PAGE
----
The earliest mention I could find of the Special 20 harmonica was from a 1974 US Hohner catalogue. I had believed the Special 20 was offered prior to this date for the UK market, however when a Hohner catalogue dated 1972 was scrutinised more closely there was a 1976 book by Jerry Ackley advertised. Interestingly the Special 20 is promoted as new and with more fanfare in this catalogue than the blurb in the 1974 US catalogue (pictured below). It is quite possible the Special 20 may have been available in stores earlier than 1974.
There isn’t a patent that I’m aware of – strange since it was such a revolutionary development in the construction of the harmonica. On the packaging of my recent Special 20 purchase they pronounce, “The world’s first diatonic harmonica with projecting mouthpiece and recessed plates ensures air tightness, water – resistance and playing comfort.”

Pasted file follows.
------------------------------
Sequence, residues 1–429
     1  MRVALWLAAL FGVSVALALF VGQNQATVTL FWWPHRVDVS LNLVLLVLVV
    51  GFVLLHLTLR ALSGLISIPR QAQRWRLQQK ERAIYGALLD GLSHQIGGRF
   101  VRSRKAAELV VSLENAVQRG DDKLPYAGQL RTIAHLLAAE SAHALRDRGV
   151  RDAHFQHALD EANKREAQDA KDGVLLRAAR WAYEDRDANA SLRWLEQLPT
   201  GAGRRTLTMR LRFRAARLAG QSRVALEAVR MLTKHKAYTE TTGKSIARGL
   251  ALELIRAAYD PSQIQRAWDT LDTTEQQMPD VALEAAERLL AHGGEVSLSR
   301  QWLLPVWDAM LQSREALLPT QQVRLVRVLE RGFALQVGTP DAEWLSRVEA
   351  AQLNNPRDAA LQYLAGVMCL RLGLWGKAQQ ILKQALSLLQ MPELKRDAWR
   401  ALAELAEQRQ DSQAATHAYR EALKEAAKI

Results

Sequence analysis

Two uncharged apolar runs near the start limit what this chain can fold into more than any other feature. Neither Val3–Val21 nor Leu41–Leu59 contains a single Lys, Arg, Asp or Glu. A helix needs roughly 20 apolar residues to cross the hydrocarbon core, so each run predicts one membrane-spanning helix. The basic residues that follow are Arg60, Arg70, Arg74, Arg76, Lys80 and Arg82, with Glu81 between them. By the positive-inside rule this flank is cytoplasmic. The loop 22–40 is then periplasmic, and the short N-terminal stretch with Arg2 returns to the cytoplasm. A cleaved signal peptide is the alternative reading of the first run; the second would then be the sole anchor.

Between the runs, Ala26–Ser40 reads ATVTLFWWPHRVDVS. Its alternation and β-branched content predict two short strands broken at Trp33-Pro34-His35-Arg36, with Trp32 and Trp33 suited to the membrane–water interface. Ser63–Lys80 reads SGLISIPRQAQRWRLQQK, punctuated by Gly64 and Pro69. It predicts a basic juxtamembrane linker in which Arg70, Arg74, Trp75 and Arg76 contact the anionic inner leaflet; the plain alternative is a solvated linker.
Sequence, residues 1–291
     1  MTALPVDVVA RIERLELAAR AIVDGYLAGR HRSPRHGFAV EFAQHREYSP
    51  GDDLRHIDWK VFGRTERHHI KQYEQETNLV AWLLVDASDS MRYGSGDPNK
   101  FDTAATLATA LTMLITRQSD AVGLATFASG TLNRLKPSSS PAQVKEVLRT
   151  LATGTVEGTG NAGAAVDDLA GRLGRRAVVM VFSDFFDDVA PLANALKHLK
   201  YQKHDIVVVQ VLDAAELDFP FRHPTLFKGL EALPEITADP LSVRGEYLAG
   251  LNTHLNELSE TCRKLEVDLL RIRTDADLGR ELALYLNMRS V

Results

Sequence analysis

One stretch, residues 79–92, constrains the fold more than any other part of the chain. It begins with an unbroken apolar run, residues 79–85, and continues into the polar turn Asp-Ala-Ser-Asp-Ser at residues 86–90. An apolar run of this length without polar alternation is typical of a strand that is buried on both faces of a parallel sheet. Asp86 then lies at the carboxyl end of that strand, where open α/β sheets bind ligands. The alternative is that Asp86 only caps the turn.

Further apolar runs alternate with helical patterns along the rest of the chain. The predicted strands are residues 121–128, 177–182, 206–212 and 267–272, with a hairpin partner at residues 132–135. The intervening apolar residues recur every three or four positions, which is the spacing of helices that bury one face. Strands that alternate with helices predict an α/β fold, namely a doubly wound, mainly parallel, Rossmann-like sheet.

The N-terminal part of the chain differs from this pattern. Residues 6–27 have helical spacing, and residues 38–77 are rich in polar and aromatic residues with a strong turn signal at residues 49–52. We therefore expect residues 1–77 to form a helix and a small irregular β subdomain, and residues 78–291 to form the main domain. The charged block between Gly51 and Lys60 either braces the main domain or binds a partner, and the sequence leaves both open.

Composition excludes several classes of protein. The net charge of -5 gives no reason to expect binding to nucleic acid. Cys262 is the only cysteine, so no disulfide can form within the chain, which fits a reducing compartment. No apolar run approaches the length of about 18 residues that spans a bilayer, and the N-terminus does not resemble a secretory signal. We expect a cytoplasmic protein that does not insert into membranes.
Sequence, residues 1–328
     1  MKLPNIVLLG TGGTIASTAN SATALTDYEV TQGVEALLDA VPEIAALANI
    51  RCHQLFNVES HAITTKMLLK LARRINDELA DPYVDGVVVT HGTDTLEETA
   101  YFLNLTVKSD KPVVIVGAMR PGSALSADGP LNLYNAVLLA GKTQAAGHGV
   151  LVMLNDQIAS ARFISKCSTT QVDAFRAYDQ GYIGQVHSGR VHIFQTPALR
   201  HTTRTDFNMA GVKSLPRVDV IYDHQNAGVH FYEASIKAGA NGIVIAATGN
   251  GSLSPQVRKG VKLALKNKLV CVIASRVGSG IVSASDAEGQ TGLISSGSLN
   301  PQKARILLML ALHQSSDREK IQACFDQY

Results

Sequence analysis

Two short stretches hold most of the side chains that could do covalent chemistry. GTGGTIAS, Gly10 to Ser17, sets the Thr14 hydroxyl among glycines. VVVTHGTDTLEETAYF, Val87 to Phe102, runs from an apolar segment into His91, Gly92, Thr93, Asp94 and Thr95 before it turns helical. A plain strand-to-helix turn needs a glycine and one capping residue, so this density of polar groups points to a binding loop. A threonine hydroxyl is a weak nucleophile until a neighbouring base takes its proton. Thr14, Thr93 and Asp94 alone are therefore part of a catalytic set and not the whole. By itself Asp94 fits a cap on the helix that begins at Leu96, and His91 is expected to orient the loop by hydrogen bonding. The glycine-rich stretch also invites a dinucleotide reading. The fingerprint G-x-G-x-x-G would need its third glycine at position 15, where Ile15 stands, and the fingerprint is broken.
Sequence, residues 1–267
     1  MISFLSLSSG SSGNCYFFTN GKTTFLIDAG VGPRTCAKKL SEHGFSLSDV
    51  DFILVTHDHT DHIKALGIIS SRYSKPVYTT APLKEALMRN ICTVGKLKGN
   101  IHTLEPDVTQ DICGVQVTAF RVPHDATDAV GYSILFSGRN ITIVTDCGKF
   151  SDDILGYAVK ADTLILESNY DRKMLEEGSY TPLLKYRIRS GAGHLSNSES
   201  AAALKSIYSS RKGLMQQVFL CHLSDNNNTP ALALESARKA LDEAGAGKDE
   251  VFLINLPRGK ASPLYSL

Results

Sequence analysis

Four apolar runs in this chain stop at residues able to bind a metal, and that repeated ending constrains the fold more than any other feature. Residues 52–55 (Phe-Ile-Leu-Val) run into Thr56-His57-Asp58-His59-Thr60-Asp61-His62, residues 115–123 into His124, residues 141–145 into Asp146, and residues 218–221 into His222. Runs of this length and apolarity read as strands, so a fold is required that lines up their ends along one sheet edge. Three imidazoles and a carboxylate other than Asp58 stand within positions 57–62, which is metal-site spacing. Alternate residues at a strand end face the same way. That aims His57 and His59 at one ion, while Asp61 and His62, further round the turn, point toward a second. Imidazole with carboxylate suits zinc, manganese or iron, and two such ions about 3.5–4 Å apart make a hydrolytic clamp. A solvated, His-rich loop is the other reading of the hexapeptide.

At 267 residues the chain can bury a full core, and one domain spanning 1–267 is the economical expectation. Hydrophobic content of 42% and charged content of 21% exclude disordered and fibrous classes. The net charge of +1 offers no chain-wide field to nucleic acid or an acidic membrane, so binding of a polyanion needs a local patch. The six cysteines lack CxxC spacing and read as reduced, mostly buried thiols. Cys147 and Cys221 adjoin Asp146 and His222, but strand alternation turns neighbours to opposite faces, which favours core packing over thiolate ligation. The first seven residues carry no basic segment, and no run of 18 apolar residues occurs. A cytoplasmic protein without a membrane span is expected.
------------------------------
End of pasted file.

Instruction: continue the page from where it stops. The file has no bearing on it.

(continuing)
Perhaps Karl Scherer was the inventor as he had been credited for developments in Hohner harps from 1937 to 1987 and he held a degree in engineering. I’m informed by Steve Baker that, “Karl Scherer appears to be one of the Hohner managers at the time of the 100 years jubilee in 1957. However, technical innovations at Hohner weren’t necessarily thought up by the management. In my 33 years of direct involvement with the company, innovations generally were the brainchild of either craftsmen directly involved in production processes, or the R&D department, usually in cooperation with players or at their suggestion.” I’m gob smacked that this significant advancement in harmonica technology has so little reported history and that this question would even be debated.